What is it?

What is it?

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 Emotional Intelligence (EI) is how somebody manages their personality to be both personally and interpersonally effective.

EI is about Attitude

Neurological evidence shows that thoughts and feelings do not occur randomly. They are responses to a stimulus which has been perceived, interpreted and filtered through one’s underlying attitudes. It is a person’s attitude that largely influences their feelings, thoughts and in turn behaviours. Consequently, Emotional Intelligence is fundamentally influenced by the attitudes you hold toward yourself and others.


EI is about Awareness

Emotional Intelligence involves noticing, labelling and interpreting our emotions and the emotions of others. Emotional Intelligence involves incorporating our feelings and intuition into our thinking; for example, sensing risk when walking close to the edge of a cliff or approaching a difficult conversation at work.


EI is about Self-Management

Emotional Intelligence is concerned with how people manage and get the best out of themselves and their innate resources. For example, deploying your full intellectual potential under pressure requires effective emotion regulation. In practical terms, Emotional Intelligence can start with identifying and dismantling limiting beliefs or restrictive habits, and replacing them with enhancing ones.


EI is about Relationships

Emotions serve an important social and adaptive function. They increase our awareness of others, providing information on the perspective of others and an understanding of why others behave the way they do. Therefore, Emotional Intelligence refers to the capacity to adapt our behaviour within the social context.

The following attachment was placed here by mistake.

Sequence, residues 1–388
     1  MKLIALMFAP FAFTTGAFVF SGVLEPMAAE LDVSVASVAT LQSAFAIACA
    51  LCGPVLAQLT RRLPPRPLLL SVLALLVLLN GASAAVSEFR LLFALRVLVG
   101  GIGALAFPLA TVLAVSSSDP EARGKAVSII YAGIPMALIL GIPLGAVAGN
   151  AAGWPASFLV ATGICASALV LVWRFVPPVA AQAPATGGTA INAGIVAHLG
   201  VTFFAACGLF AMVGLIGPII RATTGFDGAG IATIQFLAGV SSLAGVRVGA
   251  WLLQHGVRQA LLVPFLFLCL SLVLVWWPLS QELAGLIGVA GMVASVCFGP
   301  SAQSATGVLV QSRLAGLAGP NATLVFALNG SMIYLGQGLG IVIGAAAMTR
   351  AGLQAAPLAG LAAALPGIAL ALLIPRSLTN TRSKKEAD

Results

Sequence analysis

Developing EI is about Practice

Like any skill, Emotional Intelligence can be developed and it takes practice. Noticing and managing our attitudes, emotions and behaviour in a changing social context is a continual process. Emotional Intelligence is reflected by what a person does in the present moment. Emotional Intelligence is therefore described as a verb; it is about being emotionally intelligent.


JCA’s model of EI

Based on neurological evidence JCA created a defining model of Emotional Intelligence that provides an organising framework for understanding effective human behaviour. Their model of Emotional Intelligence consists of two parts:

Personal Intelligence : having positive self-regard, being self-aware and managing your behaviour effectively.

Interpersonal Intelligence: having a positive regard for others, being aware of others and managing your relationships effectively.


Their model is unique in that it recognises and measures Emotional Intelligence at the attitudinal level. They are able to unlock potential and enable sustainable change by identifying the underlying attitudes that underpin an individual’s thinking and feeling, which then drives their behaviour.

Measuring Emotional Intelligence

Developing Emotional Intelligence

Neuroscience of Emotional Intelligence

Business case for Emotional Intelligence

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